Iranian Quds Force commander Qassem Soleimani (C) attends Iranian supreme leader Ayatollah Ali Khamenei's (not seen) meeting with the Islamic Revolution Guards Corps (IRGC) in Tehran, Iran on Sept. 18, 2016.AFP/East News
After Russian aircraft were deployed in Syria on a permanent basis in 2015 and began to deliver strikes on local terrorist groups, Reuters reported that one of the major "architects" of this operation was Iran’s General Qasem Soleimani, head of the Iranian Revolutionary Guards' special unit Quds Force.
According to the news agency, it was Soleimani who described a scenario of military action in Syria to the military leadership in Moscow and outlined the possibilities of influencing the situation. During his first supposed visit to the Russian capital (July 24-26, 2015), Soleimani is alleged to have met with President Vladimir Putin and Defense Minister Sergei Shoigu.
"Soleimani put the map of Syria on the table. The Russians were very alarmed, and felt matters were in steep decline and that there were real dangers to the regime," said the report. "The Iranians assured them there is still the possibility to reclaim the initiative. At that time, Soleimani played a role in assuring them that we haven't lost all the cards."
In total, Soleimani is said to have made four trips to Moscow – in late July, early August, in December 2015, and in mid-April 2016. A Gazeta.ru source confirmed that Soleimani has been to the Russian capital on several occasions, including in the winter of 2015-2016.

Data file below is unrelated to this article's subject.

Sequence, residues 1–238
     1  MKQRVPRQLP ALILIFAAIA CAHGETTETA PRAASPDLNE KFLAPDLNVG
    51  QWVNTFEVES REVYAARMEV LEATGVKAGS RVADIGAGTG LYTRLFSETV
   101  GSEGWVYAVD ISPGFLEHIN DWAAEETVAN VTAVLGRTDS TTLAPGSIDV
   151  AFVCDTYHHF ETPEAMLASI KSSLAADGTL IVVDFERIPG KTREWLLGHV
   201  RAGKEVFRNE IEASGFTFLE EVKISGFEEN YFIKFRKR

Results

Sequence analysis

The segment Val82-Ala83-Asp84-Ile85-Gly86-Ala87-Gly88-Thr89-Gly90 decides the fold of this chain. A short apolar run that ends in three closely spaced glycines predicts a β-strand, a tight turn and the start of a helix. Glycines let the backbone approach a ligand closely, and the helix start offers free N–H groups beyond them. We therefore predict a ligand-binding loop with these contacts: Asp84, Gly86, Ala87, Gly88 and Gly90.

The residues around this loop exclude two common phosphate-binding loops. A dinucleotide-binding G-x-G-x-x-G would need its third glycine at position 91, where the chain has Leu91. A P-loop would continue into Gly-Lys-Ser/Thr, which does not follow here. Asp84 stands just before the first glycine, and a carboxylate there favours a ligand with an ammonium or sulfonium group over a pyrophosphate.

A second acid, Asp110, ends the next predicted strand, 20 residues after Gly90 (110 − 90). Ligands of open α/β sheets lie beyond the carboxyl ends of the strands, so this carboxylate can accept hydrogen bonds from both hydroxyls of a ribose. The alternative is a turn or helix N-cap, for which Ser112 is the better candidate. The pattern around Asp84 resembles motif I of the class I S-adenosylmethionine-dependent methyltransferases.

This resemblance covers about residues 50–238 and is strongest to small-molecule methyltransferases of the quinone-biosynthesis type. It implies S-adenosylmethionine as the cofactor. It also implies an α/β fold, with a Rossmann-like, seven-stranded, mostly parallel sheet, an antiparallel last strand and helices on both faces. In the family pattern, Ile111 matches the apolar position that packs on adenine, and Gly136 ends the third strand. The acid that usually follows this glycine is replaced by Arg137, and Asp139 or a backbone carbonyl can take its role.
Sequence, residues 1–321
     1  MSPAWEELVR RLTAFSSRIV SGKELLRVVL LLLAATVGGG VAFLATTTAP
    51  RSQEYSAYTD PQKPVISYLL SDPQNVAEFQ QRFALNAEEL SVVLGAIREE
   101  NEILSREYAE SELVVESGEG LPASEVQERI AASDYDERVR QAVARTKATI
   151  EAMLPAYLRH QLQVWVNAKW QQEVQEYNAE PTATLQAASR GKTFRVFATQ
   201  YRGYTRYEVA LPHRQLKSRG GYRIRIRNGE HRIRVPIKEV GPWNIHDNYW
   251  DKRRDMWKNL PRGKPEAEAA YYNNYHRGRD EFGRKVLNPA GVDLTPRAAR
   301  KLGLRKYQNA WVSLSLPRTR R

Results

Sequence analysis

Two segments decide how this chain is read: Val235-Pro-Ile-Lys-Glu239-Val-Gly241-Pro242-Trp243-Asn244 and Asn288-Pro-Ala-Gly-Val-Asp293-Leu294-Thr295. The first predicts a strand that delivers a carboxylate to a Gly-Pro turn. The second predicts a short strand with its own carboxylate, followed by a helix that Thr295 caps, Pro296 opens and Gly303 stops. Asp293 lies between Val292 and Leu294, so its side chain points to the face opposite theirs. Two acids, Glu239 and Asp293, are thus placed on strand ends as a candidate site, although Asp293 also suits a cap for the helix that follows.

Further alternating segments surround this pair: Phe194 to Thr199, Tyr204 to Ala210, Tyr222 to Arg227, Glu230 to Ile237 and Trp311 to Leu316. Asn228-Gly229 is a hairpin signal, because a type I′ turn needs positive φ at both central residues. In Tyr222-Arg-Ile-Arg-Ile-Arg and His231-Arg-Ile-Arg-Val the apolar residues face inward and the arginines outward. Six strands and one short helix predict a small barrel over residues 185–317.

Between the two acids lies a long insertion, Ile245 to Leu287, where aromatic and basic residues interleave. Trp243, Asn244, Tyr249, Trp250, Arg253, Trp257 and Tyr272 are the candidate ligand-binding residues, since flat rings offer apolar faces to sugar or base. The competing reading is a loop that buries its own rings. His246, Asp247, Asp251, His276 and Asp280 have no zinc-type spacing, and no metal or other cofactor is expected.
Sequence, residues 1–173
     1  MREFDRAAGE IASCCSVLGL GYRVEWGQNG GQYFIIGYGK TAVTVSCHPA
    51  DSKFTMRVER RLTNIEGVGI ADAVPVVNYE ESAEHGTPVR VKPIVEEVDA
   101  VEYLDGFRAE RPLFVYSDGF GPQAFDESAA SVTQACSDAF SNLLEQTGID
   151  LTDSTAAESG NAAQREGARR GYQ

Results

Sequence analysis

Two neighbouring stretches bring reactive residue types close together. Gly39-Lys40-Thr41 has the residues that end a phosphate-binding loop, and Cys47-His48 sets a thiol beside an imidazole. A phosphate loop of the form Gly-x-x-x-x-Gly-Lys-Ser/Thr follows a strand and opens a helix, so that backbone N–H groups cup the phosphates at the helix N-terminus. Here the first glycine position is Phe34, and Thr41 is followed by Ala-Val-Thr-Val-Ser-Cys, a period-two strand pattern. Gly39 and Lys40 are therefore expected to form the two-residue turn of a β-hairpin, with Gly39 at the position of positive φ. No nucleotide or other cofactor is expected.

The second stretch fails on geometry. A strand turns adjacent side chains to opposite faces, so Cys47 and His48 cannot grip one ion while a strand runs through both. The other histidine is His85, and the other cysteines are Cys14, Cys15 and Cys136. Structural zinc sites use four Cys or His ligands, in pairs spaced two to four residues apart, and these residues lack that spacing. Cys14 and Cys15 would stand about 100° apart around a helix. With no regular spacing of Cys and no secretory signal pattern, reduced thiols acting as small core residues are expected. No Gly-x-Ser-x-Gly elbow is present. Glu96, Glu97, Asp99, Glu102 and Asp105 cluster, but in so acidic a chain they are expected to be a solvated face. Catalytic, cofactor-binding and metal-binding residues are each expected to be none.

"Qasem is trusted, arms supplies are discussed with him," said the source. Soleimani discussed the Syrian operation with his Russian colleagues as early as 2013, but the destabilization of the situation in Ukraine slowed down these consultations for two years.
In response to questions from journalists, Russian presidential press secretary Dmitry Peskov has denied that Putin has had any meetings with Soleimani, claiming he had no information about whether the general had visited Moscow.
Iranian Revolutionary Guard Commander Qassem Soleimani uses a walkie-talkie at the frontline during offensive operations against Islamic State militants in the town of Tal Ksaiba in Salahuddin province. Source: Reuters
The name of Qasem Soleimani is included in the United Nations' blacklist of 15 Iranian military and political figures who are prohibited from leaving the country because of their connection with the development of a military nuclear program.
Soleimani and the Quds Force are also the subject of unilateral U.S. sanctions, which classifies the Quds Force as an organization that provides assistance to terrorism, and Soleimani personally as a terrorist.
The general is known as an organizer of sabotage and intelligence operations who has created a wide network of agents with the support of Shiite communities across the region.
"Soleimani is the single most powerful operative in the Middle East today and no one’s ever heard of him," John Maguire, a former C.I.A. officer in Iraq, told the New Yorker magazine in 2013.
Qasem Soleimani climbed the social ladder thanks to the Islamic Revolution of 1979 that toppled the Shah's regime in Iran.
Born into a poor peasant family in the small mountain village of Rabor in the eastern province of Kerman, he left school after five years and until the revolution was an unqualified worker.